Not long ago, I commented in this column, on the flood of negative commentary from the delegate body of Michigan Farm Bureau, directed atMichigan State University. The University has been working very hard on its new perception of itself, and on its new direction. So many changes have been floated as trial balloons, and then implemented as though there has been general agreement. I’ve heard and read of a number of variations on the criticism of these new directions, but it’s difficult to lay a heavy hand on someone or something on campus, and say, “This is what you’re doing that’s wrong . . . . . .”
I’ve heard several explanations from top dogs on campus as to what is really going on, and why it has to be, and how it really will work very well - - - and when the rationale wraps up, I still don’t feel any more knowledgeable, and I’m certainly no more comfortable with the new direction.
That challenge to Michigan State University from Michigan’s Agricultural community is about to assume a much larger profile. A year ago, as I commented earlier, there were several negative comments - - challenges, if you will, from the Farm Bureau delegate body. The complaints and other observations of that week, a year ago, were taken much to heart by the Farm Bureau administrative staff. I don’t know how much sank in on campus, but this year - - next week, in fact, Michigan Farm Bureau meets again in annual session, and while there are training sessions and educational meetings galore throughout the week, the real justification for the meeting each year is to collect the thoughts of each and every County Farm Bureau, collate them into the thoughts of the State organization, to be designated for action in Michigan, and in many cases at Farm Bureau Federation headquarters in Washington. It’s a major, major lobbying organization on behalf of Agriculture across the country.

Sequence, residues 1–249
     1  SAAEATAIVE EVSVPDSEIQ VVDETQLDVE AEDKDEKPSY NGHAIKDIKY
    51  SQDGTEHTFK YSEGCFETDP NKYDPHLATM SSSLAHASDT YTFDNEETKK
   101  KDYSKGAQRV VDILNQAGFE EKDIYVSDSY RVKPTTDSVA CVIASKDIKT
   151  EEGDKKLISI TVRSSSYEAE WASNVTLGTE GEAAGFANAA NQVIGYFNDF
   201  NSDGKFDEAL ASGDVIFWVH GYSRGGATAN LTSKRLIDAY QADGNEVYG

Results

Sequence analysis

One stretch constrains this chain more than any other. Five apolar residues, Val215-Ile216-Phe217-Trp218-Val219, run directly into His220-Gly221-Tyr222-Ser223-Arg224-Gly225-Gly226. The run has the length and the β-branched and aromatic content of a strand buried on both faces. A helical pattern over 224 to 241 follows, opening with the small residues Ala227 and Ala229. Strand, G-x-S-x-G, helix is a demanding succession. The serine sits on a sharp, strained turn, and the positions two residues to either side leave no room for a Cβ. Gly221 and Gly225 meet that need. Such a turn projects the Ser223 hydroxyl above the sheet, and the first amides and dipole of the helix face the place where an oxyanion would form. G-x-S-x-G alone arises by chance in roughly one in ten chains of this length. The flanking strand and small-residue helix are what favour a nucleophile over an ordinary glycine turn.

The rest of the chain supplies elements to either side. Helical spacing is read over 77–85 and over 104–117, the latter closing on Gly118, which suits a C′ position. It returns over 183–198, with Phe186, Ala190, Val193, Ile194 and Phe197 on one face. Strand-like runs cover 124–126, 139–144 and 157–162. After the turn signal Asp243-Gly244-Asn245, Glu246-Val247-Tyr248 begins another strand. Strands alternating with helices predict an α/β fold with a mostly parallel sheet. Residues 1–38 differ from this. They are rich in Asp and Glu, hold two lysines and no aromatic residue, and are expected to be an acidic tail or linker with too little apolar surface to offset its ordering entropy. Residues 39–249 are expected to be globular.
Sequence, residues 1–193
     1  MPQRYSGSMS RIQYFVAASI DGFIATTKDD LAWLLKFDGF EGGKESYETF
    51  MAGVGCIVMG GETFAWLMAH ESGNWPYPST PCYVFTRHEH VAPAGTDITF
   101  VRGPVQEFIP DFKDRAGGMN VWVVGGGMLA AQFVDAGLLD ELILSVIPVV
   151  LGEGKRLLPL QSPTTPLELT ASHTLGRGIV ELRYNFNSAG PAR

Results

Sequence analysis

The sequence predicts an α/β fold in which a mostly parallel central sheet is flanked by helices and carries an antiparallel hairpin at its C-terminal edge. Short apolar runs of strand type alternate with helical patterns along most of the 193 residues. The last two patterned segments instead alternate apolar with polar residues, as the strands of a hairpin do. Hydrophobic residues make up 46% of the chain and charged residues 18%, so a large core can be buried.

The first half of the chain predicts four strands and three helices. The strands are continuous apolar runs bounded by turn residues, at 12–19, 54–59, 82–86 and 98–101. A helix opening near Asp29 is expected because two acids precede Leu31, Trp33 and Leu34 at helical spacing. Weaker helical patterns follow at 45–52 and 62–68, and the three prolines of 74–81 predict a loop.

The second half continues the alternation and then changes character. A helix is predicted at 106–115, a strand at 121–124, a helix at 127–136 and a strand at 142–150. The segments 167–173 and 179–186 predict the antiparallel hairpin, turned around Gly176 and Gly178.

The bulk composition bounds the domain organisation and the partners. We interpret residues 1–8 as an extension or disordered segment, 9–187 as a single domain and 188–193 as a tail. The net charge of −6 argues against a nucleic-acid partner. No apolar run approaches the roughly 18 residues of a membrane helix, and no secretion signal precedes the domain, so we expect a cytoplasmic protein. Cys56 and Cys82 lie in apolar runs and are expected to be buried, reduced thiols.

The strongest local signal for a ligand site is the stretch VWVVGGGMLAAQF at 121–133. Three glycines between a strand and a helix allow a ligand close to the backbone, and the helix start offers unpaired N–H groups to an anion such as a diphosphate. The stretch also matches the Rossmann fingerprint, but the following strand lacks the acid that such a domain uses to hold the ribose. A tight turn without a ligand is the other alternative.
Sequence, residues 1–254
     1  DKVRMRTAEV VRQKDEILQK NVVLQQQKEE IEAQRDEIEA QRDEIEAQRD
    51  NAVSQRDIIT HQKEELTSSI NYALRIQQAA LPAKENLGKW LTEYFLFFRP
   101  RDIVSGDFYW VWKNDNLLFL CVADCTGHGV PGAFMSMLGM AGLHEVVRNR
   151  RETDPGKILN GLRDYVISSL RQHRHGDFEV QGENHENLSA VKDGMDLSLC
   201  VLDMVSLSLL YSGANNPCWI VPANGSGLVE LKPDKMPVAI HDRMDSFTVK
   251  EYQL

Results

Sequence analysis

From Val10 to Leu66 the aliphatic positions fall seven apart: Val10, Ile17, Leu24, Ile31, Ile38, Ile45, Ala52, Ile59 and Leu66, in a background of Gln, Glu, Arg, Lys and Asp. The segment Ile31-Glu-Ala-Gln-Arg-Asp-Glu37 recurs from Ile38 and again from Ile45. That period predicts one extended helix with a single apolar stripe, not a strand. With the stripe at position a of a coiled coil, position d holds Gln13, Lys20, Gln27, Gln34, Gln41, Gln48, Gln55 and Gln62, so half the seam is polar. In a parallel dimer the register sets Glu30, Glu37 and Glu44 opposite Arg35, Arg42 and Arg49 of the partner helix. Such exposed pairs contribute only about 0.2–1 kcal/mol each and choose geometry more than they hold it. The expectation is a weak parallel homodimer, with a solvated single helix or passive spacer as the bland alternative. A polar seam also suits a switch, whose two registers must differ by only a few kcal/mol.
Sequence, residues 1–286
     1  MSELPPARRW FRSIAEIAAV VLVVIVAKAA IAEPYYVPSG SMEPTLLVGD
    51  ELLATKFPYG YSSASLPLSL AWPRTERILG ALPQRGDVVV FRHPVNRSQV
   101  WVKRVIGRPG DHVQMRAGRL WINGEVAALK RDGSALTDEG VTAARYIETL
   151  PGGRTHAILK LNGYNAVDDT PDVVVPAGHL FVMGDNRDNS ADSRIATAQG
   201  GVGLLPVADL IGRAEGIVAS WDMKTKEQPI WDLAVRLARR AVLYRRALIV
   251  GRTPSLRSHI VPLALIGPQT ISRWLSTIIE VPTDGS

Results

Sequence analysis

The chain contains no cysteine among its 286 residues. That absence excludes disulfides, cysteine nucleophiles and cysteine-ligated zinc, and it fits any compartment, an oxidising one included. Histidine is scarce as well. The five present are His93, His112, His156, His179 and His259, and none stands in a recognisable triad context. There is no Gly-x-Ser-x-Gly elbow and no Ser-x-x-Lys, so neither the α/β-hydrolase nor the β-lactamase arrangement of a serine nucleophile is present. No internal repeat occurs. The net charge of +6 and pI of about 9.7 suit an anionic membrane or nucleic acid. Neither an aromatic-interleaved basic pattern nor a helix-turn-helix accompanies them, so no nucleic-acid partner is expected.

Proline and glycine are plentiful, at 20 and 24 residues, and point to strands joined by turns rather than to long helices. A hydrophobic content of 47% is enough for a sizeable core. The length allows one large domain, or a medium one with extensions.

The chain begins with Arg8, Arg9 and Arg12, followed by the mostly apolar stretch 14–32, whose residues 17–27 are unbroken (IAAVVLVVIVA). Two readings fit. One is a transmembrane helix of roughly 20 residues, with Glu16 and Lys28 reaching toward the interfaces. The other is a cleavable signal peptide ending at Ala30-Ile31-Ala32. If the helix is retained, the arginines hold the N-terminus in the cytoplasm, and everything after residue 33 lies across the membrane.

So - - next week, we’ll be tackling the policies and proposed actions. We’ve been advised that topics up for debate include energy, utilities, water oversight, risk management - - which used to be called “crop insurance”, and the one that really has my attention -Michigan State University, noting that MFB’s official policy on Michigan State University was completely revanped this year, emphasizing the organization’s desire to see the institution better uphold its land-grant heritage and maintain its status as a world leader in agricultural education, research and extension programs.
Farm Bureau’s new policy encourages MSU to refocus its efforts on core programs such as agronomy, animal science, agriscience education, horticulture, forestry, food industry management and other agricultural and natural resource programs.
Michigan State University’s Provost, and President each and separately appeared briefly at last year’s delegate session, and escaped with their heads still on their shoulders. Maybe they’ll risk it again this year.
Karl Guenther is a retired farm broadcaster at WKZO and can be reached firstname.lastname@example.org. He is a member of Michigan Farm Bureau and an emeritus member of the National Association of Farm Broadcasting.